What might not warrant a second look from cops in one state, could get you arrested in others. The laws regarding possession of marijuana are in a state of flux in this country, so knowing the laws where you are is crucial should you decide to have marijuana on you at any given time.
In just about every state, people are pushing for some level of marijuana reform, whether it’s complete legalization, decriminalization, or laws that will allow the medical use of cannabis. Marijuana is a hot-button issue and support for its availability is at an all-time high.
A bid to legalize recreational marijuana fell short in California in 2010 after many believed they would be the first to allow people to have their pot and smoke it too. But in 2012, voters in Colorado and Washington pushed their similar ballot efforts over the edge, becoming the first to legalize recreational marijuana use and possession. Both now allow adults to possess up to one ounce of marijuana without fear of arrest.
In other states, however, things aren’t so simple.
No matter where you are, possession of marijuana is against federal law. This means, federal agents could arrest you for a joint, even if you are in states like Colorado and Washington where recreational pot has been legalized. As of yet, however, the feds aren’t chasing down small-time pot smokers and are instead focusing on dispensaries and state-sponsored growers. Still, it’s important that you know, when you light up, you are breaking federal law and you open yourself to the possibility of federal charges.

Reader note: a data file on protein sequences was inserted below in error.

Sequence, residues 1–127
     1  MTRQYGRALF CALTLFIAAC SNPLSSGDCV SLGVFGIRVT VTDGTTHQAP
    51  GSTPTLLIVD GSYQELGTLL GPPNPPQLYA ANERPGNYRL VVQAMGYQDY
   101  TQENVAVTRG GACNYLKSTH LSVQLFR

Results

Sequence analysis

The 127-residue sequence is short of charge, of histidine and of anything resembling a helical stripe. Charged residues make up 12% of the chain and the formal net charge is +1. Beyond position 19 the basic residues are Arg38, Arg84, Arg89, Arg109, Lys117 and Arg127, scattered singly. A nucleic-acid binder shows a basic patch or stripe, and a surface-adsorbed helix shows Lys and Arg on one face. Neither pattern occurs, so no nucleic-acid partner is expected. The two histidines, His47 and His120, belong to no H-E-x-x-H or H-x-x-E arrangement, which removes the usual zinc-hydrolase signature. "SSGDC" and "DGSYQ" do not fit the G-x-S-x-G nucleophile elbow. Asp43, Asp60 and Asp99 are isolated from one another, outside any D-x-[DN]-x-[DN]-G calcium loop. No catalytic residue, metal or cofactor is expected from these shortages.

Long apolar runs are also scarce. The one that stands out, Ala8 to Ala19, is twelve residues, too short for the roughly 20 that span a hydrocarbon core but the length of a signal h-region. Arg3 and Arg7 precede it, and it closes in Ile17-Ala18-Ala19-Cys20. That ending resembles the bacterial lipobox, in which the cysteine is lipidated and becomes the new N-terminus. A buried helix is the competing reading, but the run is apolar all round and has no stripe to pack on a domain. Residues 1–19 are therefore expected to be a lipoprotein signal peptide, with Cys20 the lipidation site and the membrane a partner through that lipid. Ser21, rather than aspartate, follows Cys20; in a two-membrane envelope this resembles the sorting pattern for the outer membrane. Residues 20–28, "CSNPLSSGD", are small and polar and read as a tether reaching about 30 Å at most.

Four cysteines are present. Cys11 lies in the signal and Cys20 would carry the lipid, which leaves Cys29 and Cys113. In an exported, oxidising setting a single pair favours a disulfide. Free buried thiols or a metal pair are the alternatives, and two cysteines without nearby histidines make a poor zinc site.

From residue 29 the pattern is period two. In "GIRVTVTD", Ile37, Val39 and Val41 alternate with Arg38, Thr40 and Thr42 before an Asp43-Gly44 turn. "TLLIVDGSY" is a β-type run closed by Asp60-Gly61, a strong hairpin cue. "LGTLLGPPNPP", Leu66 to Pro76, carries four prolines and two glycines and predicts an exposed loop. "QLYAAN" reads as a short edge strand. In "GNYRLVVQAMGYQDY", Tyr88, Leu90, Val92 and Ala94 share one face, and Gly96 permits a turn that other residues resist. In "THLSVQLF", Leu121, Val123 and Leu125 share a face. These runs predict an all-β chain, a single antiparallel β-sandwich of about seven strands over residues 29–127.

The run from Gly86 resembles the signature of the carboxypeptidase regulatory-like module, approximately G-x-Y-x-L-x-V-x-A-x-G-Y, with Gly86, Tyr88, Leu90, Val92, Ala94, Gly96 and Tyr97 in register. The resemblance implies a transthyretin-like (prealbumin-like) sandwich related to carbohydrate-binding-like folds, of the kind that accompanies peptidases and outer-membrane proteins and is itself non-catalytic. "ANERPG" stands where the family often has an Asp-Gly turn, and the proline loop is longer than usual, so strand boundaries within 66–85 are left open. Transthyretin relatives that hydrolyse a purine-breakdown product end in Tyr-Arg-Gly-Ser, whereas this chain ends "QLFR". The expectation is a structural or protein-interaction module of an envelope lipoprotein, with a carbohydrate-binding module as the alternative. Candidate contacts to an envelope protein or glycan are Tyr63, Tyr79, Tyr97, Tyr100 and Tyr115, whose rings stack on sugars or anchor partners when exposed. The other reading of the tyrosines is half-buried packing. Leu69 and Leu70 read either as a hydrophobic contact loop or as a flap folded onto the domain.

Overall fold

State laws are where the treatment of marijuana gets complex. Where you are, how much pot you are caught with, your criminal history, and what you plan on doing with the marijuana could all affect if you are arrested, what you are charged with, and the penalty you face.
As we mentioned before, two states have legalized possession of up to one ounce of marijuana, those states are:
Several other states have decriminalized possession of marijuana. This means you will likely face a ticket for possession of pot, not arrest or jail time. In other words, it’s treated similarly to speeding. The states that have decriminalized marijuana possession include:
- New York
- North Carolina
In all other states, things vary widely. Most consider possession of pot a misdemeanor charge. This means you could technically serve up to 1 year in jail for a conviction. Rarely, however, does that happen, particularly on a first offense.
Instead, the laws are designed to give first-time offenders a sort of break. Just how you are afforded this “break” is dependent, of course, on the state you are charged in. Most are referred to as “diversion” programs like deferred prosecution.
In these cases, you may be required to serve a short period of probation or to comply with certain orders of the court. If successful, the charges are dropped and you can carry on with your life.
However, if this isn’t your first offense, the chances are greater that you may have to serve some jail time.
For more information on the specific marijuana laws of your state, review our state-by-state guides.
Regardless of where you are, if you are arrested for marijuana possession, a criminal defense attorney may be able to help minimize the repercussions by defending your rights and helping you to understand your legal options. Let us put you in touch with a local lawyer today.